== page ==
Supervisor Vance moved that the report of the supervisors' tax committee that embodied the projected budget be adopted.

Supervisor/Alderman Robert McCafferty, a member of Tammany's rival Apollo Hall, asked that "the appropriation of $50,000 to establish a nautical school in this City be stricken out."

Supervisor Menheimer asked if the item mentioned had anything to do with the school ship Mercury.

McCafferty answered that the item had nothing to do with the Mercury and that he considered "the present debt of the City too large . . . to add $50,000 to it needlessly."

Recorder John K. Hackett offered his legal opinion that the statute for establishing the nautical school was "'mandatory" and that the supervisors had not option in the matter.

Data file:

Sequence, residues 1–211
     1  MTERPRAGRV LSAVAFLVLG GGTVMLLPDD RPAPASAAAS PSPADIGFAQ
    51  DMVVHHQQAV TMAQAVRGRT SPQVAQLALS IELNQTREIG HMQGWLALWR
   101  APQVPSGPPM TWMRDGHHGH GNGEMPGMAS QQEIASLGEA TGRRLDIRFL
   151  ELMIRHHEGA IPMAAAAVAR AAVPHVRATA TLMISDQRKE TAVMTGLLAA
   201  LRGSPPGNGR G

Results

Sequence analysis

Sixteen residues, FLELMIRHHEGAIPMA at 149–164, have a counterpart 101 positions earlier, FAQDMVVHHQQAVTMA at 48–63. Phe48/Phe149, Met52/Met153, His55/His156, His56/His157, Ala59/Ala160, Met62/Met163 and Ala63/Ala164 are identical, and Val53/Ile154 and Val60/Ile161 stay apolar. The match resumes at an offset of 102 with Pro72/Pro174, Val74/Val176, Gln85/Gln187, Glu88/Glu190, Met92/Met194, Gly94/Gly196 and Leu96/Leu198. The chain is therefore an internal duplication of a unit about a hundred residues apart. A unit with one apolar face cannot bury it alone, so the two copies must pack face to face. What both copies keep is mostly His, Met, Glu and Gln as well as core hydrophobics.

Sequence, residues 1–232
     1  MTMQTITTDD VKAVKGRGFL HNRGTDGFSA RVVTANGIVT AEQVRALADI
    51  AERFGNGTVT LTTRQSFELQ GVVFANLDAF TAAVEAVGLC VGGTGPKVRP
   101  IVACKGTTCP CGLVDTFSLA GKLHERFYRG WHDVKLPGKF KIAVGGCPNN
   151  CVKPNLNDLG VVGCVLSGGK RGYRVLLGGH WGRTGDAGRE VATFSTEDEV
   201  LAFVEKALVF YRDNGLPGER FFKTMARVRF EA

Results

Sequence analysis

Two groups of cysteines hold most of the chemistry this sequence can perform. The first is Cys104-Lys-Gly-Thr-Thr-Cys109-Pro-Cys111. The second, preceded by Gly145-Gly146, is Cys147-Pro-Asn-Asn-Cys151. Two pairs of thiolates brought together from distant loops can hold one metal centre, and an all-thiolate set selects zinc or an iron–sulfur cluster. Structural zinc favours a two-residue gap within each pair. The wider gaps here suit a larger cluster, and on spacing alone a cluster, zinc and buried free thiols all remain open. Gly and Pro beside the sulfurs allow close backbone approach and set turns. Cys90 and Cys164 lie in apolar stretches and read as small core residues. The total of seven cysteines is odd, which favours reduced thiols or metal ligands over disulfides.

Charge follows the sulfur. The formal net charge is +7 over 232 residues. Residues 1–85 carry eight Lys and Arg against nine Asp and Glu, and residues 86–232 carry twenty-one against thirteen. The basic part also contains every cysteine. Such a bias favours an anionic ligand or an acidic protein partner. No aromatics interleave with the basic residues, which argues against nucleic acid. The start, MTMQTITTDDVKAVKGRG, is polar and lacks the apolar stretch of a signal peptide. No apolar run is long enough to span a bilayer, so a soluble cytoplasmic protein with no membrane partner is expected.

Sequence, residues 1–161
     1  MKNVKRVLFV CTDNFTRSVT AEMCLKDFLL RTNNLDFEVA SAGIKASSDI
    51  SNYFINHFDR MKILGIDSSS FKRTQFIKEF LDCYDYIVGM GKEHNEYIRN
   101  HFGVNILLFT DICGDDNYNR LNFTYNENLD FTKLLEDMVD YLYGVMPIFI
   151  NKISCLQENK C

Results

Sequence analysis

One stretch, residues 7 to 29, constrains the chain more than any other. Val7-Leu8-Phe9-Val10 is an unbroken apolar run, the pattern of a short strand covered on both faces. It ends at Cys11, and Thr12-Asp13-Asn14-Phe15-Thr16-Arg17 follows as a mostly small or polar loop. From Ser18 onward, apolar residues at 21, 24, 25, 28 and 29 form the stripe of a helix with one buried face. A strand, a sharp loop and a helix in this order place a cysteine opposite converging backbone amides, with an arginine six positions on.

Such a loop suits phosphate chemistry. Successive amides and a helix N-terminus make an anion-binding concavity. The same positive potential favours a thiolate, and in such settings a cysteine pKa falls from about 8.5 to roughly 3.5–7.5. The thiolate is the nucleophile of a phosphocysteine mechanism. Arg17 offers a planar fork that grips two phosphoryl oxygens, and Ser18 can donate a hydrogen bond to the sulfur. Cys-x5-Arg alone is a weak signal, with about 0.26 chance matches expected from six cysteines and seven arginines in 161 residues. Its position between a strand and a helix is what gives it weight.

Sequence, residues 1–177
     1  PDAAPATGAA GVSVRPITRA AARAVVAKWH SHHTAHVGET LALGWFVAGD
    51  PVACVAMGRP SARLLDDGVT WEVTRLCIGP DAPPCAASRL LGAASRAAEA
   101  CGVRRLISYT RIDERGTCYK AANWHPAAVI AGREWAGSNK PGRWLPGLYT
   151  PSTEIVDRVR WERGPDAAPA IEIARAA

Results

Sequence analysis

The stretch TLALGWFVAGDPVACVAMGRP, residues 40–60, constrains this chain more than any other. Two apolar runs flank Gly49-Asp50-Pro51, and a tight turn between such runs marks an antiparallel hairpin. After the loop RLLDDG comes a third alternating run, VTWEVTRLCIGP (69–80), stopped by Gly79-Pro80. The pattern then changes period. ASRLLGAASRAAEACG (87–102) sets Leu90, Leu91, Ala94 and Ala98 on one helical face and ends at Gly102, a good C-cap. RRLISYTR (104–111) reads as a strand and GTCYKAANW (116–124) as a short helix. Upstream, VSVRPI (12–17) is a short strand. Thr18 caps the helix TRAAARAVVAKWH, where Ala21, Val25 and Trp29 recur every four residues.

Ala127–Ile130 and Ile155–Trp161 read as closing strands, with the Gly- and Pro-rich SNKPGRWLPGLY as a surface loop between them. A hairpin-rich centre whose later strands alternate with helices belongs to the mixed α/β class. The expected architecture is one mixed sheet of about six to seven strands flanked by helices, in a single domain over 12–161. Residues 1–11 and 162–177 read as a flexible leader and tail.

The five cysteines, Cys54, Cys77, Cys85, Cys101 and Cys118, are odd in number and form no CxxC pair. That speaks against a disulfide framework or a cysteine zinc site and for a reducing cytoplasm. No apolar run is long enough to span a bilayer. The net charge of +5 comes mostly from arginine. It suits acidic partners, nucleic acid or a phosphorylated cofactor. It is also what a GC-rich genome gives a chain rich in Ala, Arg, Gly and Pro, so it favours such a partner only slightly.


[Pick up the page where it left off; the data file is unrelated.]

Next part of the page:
The clerk of the supervisors board read aloud the statute authorizing the Board of Education to make a requisition to the supervisors for $50,000 to set up the nautical school. The clerk also displayed the education board's requisition to the supervisors for the $50,000.

McCafferty continued to oppose the appropriation, and declared, "It's high time for [the members of this] Board to use their own judgment in matters affecting the interests of the taxpayers."

The motion to strike from the projected budget the $50,000 nautical school establishment item was put to a vote but narrowly lost, 7 to 6.

On Sept. 30, according to the NYT next day story, McCafferty continued his objection to the $50,000 funding of the Board of Education/Chamber of Commerce nautical school. He did so by connecting a protest to his signing -- a duty as Supervisor -- the warrant enabling the city tax collector to begin collecting the taxes. He sent Mayor Havemeyer the following note: